Exploring the Different Types of Clay Used for Making Clay Art Pieces in Omaha, Nebraska

Jacquie, an Indian potter, was one of the first to roll large, slender pots with the help of Otellie. These pots are simple yet beautiful, with clay surfaces that are scraped and sanded in their natural state without any glazing or burnishing. Jacquie loves subtle changes in color and thus uses many varieties of clays in combination or mixed. He also likes to add other textures such as leather, woven reeds, wicker, wood or stones to the pristine form of baked clay. One of the favorite additives for clay is mica, a mineral flake that shines in the sun and adds a sparkle to ceramic pots.

Southwest potters have been using clay impregnated with mica since 200 A. D., and its source is in Taos, New Mexico. It is important to pay attention to the contrasts between the clean, unpolluted form and the quiet disturbance of an added material. Jacquie is one of the most innovative American Indian potters working today. He loves the changes in nature such as the wind, light, earth, colors when it rains, sky and color of the soil.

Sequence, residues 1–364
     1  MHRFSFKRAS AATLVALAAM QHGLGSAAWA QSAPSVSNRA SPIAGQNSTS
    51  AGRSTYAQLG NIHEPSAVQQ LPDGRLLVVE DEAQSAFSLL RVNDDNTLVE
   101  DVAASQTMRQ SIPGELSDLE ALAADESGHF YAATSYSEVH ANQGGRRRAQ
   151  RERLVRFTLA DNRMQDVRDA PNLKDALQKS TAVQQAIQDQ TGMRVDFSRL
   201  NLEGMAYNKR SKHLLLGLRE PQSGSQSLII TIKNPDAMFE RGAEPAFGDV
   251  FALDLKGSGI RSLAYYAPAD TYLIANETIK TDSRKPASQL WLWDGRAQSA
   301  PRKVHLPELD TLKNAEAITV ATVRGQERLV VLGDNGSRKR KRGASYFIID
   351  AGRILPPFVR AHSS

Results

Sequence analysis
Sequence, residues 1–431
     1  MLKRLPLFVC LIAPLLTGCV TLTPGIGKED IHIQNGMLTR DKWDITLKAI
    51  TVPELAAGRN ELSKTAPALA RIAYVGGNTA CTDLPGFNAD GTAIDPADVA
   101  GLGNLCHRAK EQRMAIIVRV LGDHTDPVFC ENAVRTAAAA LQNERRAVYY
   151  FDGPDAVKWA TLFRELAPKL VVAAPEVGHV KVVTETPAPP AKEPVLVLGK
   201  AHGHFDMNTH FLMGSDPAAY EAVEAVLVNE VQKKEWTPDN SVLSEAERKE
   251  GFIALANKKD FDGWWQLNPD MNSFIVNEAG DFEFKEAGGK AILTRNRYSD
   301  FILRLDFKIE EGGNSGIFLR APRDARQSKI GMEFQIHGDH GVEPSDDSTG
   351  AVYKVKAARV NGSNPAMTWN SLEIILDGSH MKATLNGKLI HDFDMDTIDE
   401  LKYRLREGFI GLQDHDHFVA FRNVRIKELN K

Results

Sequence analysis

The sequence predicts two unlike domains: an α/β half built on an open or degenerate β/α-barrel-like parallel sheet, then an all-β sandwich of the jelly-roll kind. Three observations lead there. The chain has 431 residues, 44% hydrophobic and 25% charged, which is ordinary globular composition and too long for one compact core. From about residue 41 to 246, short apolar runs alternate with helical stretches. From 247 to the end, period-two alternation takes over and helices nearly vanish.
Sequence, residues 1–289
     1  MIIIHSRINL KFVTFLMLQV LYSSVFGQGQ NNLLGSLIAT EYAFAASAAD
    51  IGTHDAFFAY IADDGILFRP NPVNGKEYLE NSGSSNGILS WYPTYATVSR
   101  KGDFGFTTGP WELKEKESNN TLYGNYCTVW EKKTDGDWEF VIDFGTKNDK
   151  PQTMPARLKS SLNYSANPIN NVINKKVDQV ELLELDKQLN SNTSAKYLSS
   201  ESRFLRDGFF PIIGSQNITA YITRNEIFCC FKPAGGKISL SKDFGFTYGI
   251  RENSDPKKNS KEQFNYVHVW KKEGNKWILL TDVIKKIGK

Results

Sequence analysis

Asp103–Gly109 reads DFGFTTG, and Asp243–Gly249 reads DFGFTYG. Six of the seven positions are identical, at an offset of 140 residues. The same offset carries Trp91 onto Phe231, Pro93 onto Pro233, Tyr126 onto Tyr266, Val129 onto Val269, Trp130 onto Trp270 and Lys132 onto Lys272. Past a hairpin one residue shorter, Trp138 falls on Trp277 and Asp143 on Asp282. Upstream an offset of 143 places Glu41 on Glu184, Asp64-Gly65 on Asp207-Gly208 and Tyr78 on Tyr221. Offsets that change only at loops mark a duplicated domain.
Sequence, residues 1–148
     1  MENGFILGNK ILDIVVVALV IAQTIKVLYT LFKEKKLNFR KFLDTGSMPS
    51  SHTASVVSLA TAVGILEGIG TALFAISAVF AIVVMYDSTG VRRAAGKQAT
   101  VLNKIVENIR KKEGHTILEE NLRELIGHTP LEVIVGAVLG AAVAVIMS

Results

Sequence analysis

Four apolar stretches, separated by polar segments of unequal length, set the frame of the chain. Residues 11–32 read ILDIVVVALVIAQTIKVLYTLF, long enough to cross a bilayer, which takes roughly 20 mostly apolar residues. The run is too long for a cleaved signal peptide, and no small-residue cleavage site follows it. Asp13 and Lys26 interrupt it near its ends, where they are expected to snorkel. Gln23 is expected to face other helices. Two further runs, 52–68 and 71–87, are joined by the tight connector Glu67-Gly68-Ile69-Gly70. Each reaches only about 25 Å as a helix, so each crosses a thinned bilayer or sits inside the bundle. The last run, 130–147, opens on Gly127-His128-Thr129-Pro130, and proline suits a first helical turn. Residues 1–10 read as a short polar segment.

He also loves how it feels to pick up clay. Otellie Loloma, a Hopi woman who is respected as one of the best teachers in the history of native art education and Hopi pottery, became Jacquie's mentor and friend. He had clay in his backyard along the Missouri River and was continuously creating unusual clay objects. In 1975, Jacquie arrived in Santa Fe to enroll in the Institute of American Indian Art with a particular interest in the museum's program. He also learned about working with lamps, a method of heating and shaping glass with a torch, either in a basic beadmaking class or in an introductory session to borosilicate glass.

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